Home › Forums › Advice & Chat › Should I leave my fiancé over a small(ish) issue?
- This topic has 81 replies, 7 voices, and was last updated 2 years, 5 months ago by Andrea Letsen.
You wrote in for a reason. Was it so that we could validate your feeling that your friends are “mean?” Instead, almost everyone on here is telling you to ditch this guy. Hmm, it’s getting unanimous.
From what you describe, the guy could do practically anything to you, short of abuse, and you’d stick it out. Well, from where I sit, he is being financially abusive.
* Sabotages your finances? check
* Lives in the home without helping? check
* Feels entitled to your money? check
* Limits your ability to advance your career or education? check
You may say that you don’t want children, a home, a career, more education, whatever. You think you’re being a free spirit, maybe, but more money = more options. At 35, you don’t want to save money? have an asset of some kind? a future!?!?
You won’t have options if this guy is taking your money.FYIGuest
“I can tell my fiancé to stop if he’s hurting my feelings and he will…”
We can only go by what you’re saying. Everything you said contradicts this. He over-drafted your account “several” times. It didn’t hurt your feelings the first or second time he did it? I assume you told him, and he went ahead and … DID IT AGAIN.
Your friends are NOT the problem here.
Laziness is a kind of malice, believe me, esp when you are left to pick up ALL the slack. But, you don’t want to hear any of this, that’s clear, so good luck when you’re 50 with no assets.KateKeymaster
“all i really consider marriage to be is dating with a better tax refund.”
Then don’t get married! A little bigger tax refund isn’t worth the risk of him wrecking your credit or whatever other costly mistakes.
“ My relationship with my partner works outside the above mentioned things”
Keep it as is then. Go back to separate accounts and just be a couple that lives together.ele4phantGuest
“Maybe it’s because I’m already divorced but all i really consider marriage to be is dating with a better tax refun”.
Girl – this is hard for me to wrap my head around. As someone who has been divorced once…you *should already know* that people can give marriage whatever meaning they want, *but* if you do it legally, the state for sure has a very specific interpretation of that that is legally and financially binding and hard to undo.
I think a good friend should give you their honest opinion, not say what their friend wants them to hear. Now, this *doesn’t* mean they are right or see the while picture, it’s your life you ultimately have to live with your decisions, but a good friend shouldn’t sugar coat their opinion just so you don’t feel bad.
They think it’s a bad idea that you marry this guy. Frankly, unless you get him to get his act together, I agree with them. Admittedly I don’t really know you, but I do know it’s a bad idea to financially hook your wagon to someone that is financially irresponsible, which you say he is.
If marriage is just a tax break in your eyes, than just have a public commitment ceremony and forgo getting legally married. If marriage doesn’t mean anything to you, why are you even considering doing it?anonymousseParticipant
I didn’t say you were a bad friend. But if one of your friends had a problem like this, you’d really tell them to keep trying to make it work? Are men in short supply wherever you are? Why are you such a proponent of making it work?
All of the behavior you’ve described is disrespectful. He doesn’t care how many times he overdrafts your accounts. He doesn’t care if his inaction puts more work on you.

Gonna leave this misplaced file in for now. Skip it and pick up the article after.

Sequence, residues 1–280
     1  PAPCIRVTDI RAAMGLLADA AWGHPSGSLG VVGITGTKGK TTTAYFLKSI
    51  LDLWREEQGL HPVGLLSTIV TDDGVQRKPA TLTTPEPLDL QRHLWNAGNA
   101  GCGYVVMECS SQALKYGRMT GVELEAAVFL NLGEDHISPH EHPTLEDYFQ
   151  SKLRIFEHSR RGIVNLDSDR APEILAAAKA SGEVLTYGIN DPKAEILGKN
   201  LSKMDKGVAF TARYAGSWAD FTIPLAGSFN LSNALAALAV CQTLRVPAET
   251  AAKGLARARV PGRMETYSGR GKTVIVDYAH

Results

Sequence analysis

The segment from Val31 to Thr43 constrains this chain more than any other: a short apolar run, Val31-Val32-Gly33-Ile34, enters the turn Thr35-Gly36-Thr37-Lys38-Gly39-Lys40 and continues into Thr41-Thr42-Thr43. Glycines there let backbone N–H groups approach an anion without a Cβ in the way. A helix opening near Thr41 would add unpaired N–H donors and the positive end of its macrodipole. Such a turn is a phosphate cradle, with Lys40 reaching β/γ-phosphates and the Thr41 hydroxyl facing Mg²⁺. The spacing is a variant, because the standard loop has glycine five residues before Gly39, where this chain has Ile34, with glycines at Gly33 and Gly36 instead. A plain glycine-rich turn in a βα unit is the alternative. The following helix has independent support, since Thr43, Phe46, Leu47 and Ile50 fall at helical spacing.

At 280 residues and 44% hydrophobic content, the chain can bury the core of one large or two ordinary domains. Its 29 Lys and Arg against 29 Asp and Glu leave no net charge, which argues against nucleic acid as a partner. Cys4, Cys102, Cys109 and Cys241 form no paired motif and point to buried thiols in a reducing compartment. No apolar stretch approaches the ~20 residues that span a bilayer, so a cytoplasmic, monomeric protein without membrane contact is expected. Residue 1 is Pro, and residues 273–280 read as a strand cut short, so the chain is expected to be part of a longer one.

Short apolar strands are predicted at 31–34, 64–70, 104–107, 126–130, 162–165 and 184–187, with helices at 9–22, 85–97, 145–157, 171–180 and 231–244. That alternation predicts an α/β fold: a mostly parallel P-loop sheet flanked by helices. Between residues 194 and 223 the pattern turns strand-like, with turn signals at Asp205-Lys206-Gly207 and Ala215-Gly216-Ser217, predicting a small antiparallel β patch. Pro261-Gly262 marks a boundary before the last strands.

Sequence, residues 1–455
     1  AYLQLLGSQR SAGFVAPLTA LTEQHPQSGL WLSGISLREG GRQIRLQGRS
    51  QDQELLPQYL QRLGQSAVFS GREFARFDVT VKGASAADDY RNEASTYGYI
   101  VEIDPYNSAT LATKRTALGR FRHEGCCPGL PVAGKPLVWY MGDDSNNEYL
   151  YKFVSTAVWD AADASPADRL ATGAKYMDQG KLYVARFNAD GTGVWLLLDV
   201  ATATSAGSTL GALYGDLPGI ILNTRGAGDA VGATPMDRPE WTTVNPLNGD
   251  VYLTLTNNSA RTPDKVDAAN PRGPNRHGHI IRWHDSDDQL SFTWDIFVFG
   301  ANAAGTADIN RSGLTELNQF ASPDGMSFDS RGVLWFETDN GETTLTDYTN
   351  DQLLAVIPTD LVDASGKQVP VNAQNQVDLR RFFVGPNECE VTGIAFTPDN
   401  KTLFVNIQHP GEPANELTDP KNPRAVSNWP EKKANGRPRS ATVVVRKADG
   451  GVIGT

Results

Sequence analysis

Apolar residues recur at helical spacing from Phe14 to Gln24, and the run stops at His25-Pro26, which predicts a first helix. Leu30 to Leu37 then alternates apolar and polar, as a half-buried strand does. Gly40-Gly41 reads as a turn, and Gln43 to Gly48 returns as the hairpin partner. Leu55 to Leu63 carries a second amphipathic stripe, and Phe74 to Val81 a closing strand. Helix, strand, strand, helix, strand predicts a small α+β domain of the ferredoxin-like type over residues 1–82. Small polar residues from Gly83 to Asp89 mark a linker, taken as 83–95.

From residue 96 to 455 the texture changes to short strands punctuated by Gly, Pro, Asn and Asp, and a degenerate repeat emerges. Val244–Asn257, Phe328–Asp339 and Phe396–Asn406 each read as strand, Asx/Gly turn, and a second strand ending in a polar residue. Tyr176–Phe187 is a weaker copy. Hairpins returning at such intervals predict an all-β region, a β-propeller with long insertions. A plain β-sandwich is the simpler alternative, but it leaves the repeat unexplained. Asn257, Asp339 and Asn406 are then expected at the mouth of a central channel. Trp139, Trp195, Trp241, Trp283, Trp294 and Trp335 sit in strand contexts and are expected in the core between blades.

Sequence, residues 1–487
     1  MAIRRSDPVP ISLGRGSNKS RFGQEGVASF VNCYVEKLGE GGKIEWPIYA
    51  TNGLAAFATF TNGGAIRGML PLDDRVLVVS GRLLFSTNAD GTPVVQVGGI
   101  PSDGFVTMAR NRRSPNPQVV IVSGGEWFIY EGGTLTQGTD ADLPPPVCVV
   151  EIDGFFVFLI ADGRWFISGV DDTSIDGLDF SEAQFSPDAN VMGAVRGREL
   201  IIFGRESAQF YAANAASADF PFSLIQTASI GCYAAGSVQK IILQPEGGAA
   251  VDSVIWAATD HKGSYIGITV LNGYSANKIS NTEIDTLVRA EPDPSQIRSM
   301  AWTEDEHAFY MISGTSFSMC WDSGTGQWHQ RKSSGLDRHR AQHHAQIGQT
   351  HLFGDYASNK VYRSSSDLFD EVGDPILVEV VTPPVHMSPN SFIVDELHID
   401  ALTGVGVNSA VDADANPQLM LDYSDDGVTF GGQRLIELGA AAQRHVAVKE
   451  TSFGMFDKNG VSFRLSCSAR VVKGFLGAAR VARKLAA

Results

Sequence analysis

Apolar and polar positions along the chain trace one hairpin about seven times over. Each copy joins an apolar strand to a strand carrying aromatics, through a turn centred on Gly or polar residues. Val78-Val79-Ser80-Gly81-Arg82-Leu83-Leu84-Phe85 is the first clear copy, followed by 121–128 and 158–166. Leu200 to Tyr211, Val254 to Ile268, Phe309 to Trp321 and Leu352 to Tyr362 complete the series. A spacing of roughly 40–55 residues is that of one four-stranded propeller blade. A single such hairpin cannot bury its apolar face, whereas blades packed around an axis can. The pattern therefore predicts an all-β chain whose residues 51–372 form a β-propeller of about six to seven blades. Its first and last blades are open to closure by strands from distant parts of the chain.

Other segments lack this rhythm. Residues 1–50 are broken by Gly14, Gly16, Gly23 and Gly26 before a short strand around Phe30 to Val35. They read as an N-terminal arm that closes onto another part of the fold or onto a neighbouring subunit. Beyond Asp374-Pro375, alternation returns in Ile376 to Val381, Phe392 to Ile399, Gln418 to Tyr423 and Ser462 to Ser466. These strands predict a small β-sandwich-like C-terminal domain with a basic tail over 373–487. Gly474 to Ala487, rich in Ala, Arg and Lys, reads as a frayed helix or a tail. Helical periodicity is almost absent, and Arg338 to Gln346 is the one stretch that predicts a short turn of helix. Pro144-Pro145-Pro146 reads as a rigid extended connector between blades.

All men are not lazy. I have never dated a man who didn’t clean up after themself. Shitty men are probably fine with calling it laziness when the truth is, he just doesn’t give a shit enough to check his budget or pick up after himself. If he can fix hurting your feelings, why can’t he pull his fair share?
Why do you badmouth your boyfriend to people you’ve just met? You must have said a lot if they, having barely known him, believe you should break up with him.
But what do we know, right? Obviously, he’s got all those other great qualities you haven’t yet listed.
You can stay with this immature man if you want. But is that what you want? If you don’t want children, why are you mothering a grown man?
If you don’t want people to think your bf sucks, stop bitching about him.ele4phantGuest
“He’s not malicious he’s just lazy and lots of men are.”
Also this is a lie that some men use to justify their immature behavior, and some women let them get away with it.
Plenty of men are responsible, and those that aren’t are certainly capable.
Don’t excuse his behavior because “Most guys are lazy”. That’s BS. He’s an adult, you aren’t his mother, at this point in his life he should be able to maintian a budget and spend within his means. Don’t let him off the hook because he says he’s lazy but that’s just how the menz are, what can you do?ronGuest
I think the other posters may well be right, but things are being assumed (I did as well) which LW didn’t say. for instance:
— he is spending her money (She says he has always paid for his financial mistakes with his own $. She hasn’t said which of them earns more or which one works more hours. It may well be him — no indication.)
— He is selfish in terms of $ (She didn’t say that he buys big ticket stuff to satisfy his own needs They may even be gifts to her. They may be things to benefit their shared lives, things they have agreed they need, but that she’t doesn’t think they can afford yet and hasn’t budgeted. In other words, he is financially irresponsible, but not selfish)
— he is taken advantage of her by not doing much housework (I agree with this, but don’t think she does. She said she needs to be in control and wanted to run the finances and thought she could do the housework, which she links to her OCD as something that she may need to do herself, her way. Even if that’s the case, he certainly could pick up after himself and there certainly are chores he could do well by himself.
We don’t know how either of them existed, prior to living together. If they are just scraping by paycheck to paycheck, then either they rented too big an apartment, and/or neither of them lived in an apartment prior to getting together. He may have gotten by living at his parents’ home. We don’t know that. Nor do we know that she was financially stable in her own apartment.
LW seems to set high expectations for herself and she says she considers her self a failure, when she can’t achieve them. That probably is the OCD talking and this engagement/marriage is just another thing she is absolutely determined to make work.
I still think that, after a shot at financial (which they both need if neither of them can save $) and couples counseling, that she needs to MOA, if things don’t improve. Improvement likely requires both of them to alter expectations and make changes in behavior.